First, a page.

Re: [rtcweb] Usecase & architecture: Browser application with separate webserver & voipserver

Matthew Kaufman <> Tue, 06 September 2011 03:36 UTC

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Date: Mon, 05 Sep 2011 20:37:26 -0700
From: Matthew Kaufman <>
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To: Ravindran Parthasarathi <>
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Subject: Re: [rtcweb] Usecase & architecture: Browser application with separate webserver & voipserver
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On 9/5/2011 12:16 PM, Ravindran Parthasarathi wrote:
> Bernard,
> Sorry for the delay reply.
> There is a huge difference between tunneling the protocol and 
> converting the protocol from one format to another. The tunneling 
> works well only in case the destination support the tunneled data 
> without negotiation. It will be bad assumption in case the standard 
> does not defined so.  For example,
> 1)Browser A supports Jingle (XMPP for real-time data) and encapsulates 
> the data in HTTP and send it to webserver1

That isn't how it works. Browser A supports WebRTC. Do you mean browser 
A is running Javascript that implements Jingle or something similar for 
its signaling (over HTTP and/or Websockets) to its associated web server?

> 2)RTCwebserver1 tunnel jingle data in SIP and sends it to RTCwebserver2

Federation between webserver1 and webserver2 is up to the operators of 
those sites. Presumably SIP is a good (but not only) choice for 
federation. Many sites won't have a desire or need to federate.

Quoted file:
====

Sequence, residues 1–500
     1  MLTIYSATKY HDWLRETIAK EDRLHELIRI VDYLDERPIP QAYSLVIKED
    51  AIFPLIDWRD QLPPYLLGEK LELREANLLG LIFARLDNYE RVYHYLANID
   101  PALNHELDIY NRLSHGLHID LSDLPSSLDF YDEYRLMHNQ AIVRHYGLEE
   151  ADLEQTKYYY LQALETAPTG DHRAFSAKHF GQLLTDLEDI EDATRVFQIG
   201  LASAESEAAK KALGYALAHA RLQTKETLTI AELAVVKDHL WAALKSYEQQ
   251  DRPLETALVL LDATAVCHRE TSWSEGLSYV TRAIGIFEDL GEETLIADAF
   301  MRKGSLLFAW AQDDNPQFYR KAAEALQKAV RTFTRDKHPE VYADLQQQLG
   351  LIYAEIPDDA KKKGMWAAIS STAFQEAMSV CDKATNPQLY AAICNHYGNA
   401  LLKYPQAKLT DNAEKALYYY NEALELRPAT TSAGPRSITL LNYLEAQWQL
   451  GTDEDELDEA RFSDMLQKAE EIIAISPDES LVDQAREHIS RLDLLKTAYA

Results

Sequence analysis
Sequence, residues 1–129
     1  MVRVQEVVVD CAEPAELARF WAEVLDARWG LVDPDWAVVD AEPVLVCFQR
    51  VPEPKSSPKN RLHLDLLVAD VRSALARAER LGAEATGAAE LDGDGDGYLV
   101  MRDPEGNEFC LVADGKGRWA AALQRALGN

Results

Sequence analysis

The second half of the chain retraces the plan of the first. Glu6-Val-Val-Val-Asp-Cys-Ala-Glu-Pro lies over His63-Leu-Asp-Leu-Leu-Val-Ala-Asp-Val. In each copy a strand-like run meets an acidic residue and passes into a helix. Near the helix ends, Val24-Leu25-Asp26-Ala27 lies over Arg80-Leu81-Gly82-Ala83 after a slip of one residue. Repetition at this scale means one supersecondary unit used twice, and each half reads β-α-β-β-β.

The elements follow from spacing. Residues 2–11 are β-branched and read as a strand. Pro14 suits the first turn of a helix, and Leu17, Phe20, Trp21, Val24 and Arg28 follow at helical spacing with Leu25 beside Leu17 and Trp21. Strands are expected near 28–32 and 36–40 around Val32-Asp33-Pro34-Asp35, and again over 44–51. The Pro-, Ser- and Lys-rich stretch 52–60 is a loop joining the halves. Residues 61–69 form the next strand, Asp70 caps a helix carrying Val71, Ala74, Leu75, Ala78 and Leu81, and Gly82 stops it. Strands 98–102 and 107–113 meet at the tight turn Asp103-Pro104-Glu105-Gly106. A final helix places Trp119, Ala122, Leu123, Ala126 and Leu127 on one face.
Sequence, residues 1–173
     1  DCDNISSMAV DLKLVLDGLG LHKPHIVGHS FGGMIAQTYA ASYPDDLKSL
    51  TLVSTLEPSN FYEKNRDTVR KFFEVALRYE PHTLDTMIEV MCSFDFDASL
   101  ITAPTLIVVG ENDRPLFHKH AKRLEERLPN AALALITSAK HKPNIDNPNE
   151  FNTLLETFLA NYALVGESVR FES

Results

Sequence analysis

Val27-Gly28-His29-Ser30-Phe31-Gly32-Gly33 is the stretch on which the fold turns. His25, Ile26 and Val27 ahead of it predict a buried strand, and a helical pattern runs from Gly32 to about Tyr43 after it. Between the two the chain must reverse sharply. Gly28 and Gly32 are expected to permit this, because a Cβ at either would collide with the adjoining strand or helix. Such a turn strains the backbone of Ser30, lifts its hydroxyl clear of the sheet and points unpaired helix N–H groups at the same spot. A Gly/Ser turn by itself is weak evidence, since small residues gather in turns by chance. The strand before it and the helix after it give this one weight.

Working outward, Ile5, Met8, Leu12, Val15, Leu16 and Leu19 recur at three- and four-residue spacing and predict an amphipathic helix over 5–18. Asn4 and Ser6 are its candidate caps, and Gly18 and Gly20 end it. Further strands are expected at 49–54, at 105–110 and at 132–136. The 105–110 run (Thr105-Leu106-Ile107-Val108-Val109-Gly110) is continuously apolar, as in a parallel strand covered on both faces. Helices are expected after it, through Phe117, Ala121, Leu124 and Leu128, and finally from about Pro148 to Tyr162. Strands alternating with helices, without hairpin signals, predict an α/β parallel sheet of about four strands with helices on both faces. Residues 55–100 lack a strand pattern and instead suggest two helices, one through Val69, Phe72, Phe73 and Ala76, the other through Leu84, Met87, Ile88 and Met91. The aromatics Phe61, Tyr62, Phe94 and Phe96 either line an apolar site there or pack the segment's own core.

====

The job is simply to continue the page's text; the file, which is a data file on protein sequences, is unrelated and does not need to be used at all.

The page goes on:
> 3)RTCwebserver2 does not support Jingle towards browser but it support 
> some other variant of HTTP based metadata to the browser.

Do you mean that webserver2 and its clients are running compatible code 
that exchanges signaling via a mechanism other than Jingle? That's fine, 
and up to the operator of that site.

> My question is how webserver2 do perform the interop correctly in case 
> Jingle is not mandated as metadata standard mechanism. Please let me 
> know your opinion here.

Every site that wishes to federate with others will need to choose a 
signaling protocol that is agreed between them.

> My understanding was that RTCwebserver1 may use some proprietary 
> mechanism (may be jingle) to communicate between browser and webserver 
> which will be converted into RFC 3261 SIP at webserver1 and forwarded 
> to RTCwebserver2. RTCWebserver2 converts back SIP to its own 
> proprietary metadata to communicate with browser. This mechanism works 
> well but still better mechanism exists.

That understanding appears to be correct. This is exactly the same as 
"Hotmail talks some proprietary protocol over HTTP between its 
HTML/Javascript client and its servers which is then converted to SMTP 
for sending to Gmail, where Gmail talks a different proprietary protocol 
over HTTP between its HTML/Javascript client and its servers." It 
appears to have resulted in some significant innovations in the email 
service space, while still allowing federation between domains using a 
standard protocol.

If you think this is a bad idea, provide an alternative we might discuss.

Matthew Kaufman